Honda Motor Co. (HMC) unveiled the 10th generation of its Accord midsize family sedan in Detroit, an all-new model styled to emphasize flashy looks and perhaps bring attention to a model type that has been losing ground against crossovers and SUVs.

Last year, for the first time, Honda sold more CR-V crossovers than Accord or Civic sedans, symbolic of the growing consumer demand for multipurpose vehicles, which no longer compromise fuel efficiency and are styled more handsomely than ever. This year, Accord trails Toyota Motor Corp.'s (TM) Camry in the U.S. even while Toyota also is bringing a new highly stylized Camry.

"The Accord is Honda," said Michelle Krebs, analyst for Kelley Blue Book and kbb.com. Accord "was the building block for the company. The biggest challenge for the 10th generation Accord is that it is a midsize sedan. However, Accord likely will maintain its share in the shrinking segment." General Motors Co. (GM) , Ford Motor Co. (F) and Nissan Motor Corp. (NSANY) , all are searching for ways to tweak or refresh the appeal of their midsize sedans.

Honda executives aren't giving ground or apologizing for the new model's prospects when it goes on sale this fall. Jeff Conrad, a Honda senior vice president, said, "We all have this tendency to rush to one side of the boat and then back again as trends change. This is an exceptionally able vehicle."

In the world of venerable automotive nameplates, the Accord nameplate stands tall as reliable, high quality, fuel-efficient and durable. This time, the automaker's designers endeavored to make Accord eye-catching as well. The new vehicle is longer, lower and wider yet sheds a hundred or more pounds, depending on version, compared with its predecessor.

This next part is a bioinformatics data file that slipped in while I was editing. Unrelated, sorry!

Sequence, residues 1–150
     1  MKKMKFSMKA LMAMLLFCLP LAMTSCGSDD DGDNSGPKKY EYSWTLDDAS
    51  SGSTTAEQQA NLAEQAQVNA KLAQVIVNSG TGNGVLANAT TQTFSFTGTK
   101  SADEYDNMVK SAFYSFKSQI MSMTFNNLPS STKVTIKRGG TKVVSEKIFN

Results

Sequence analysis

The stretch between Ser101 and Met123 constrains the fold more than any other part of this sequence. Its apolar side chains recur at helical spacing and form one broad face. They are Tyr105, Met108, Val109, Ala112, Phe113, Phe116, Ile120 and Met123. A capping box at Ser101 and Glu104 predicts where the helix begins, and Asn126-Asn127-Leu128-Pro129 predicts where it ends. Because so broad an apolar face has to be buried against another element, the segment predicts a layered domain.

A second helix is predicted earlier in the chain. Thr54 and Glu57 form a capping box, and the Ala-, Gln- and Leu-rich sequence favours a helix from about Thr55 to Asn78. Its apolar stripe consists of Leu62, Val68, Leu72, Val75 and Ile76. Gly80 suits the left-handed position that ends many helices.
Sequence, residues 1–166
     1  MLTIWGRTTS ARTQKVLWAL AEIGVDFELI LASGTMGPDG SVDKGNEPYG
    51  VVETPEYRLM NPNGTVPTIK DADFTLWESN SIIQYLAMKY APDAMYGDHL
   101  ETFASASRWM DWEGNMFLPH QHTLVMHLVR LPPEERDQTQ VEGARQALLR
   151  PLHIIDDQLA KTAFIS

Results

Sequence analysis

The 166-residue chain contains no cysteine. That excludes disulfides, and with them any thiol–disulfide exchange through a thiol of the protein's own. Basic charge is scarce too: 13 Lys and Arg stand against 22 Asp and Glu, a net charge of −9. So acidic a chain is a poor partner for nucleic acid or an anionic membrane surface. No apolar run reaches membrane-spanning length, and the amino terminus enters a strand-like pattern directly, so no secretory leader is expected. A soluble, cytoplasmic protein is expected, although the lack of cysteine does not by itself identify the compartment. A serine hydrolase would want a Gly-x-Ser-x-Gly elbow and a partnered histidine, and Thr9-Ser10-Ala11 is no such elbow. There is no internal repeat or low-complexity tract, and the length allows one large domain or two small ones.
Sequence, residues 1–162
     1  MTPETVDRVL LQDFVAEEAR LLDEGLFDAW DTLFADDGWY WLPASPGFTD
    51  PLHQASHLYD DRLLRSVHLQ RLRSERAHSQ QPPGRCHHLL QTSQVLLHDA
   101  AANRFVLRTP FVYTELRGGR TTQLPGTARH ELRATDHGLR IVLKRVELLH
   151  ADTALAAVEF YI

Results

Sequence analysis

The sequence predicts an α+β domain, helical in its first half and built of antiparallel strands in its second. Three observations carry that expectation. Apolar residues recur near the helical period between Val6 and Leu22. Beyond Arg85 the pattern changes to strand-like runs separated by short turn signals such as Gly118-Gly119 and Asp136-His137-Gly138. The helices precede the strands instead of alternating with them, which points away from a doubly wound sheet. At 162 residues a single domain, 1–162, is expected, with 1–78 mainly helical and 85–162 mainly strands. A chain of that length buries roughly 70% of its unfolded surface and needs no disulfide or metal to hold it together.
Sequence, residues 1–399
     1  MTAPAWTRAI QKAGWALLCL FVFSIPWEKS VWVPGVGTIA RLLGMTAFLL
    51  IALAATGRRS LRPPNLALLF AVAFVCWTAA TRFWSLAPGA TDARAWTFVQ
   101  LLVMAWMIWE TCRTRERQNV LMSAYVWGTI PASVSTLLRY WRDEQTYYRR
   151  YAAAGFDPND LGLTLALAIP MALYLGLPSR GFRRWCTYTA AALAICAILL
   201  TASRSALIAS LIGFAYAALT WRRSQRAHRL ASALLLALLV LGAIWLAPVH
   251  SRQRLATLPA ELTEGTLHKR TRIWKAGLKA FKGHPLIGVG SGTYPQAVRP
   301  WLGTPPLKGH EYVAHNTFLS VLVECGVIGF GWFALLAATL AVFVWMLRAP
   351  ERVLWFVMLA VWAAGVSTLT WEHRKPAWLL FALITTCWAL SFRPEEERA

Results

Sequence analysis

"The distinctive design of this all-new 2018 Honda Accord will help it appeal to both head and heart in equal measure," Conrad said.

Social media was abuzz with photo's the new ride:

For the first time, Accord will be available with two, four-cylinder turbo-charged engines, a 1.5-liter and a 2.0-liter, though the six-cylinder power plant has been discontinued. The smaller engine pairs with a continuously variable transmission or a six-speed manual, generating 192 horsepower; the larger engine with a new 10-speed transmission is rated at 252 hp. A gas-electric hybrid that Honda said is "more refined and efficient" also will be available, though its fuel-efficiency rating isn't ready yet to announce.

Slightly lowering the car's center of gravity has improved the handling, the company said. All of Honda's suite of driver assistance and safety technologies will come standard on the new model, with the exception of blind-spot alert, front and rear parking sensors, cross traffic monitor and driver awareness monitor, which are optional.

A perennial top 10 best vehicle by Car and Driver magazine, Accord likely will contend again for its share of awards. Consumers change their minds frequently, which means that Honda's new car could well exceed the company's expectations.

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Doron Levin is the host of "In the Driver Seat," broadcast on SiriusXM Insight 121, Saturday at noon, encore Sunday at 9 a.m.

This article is commentary by an independent contributor. At the time of publication, the author held no positions in the stocks mentioned.

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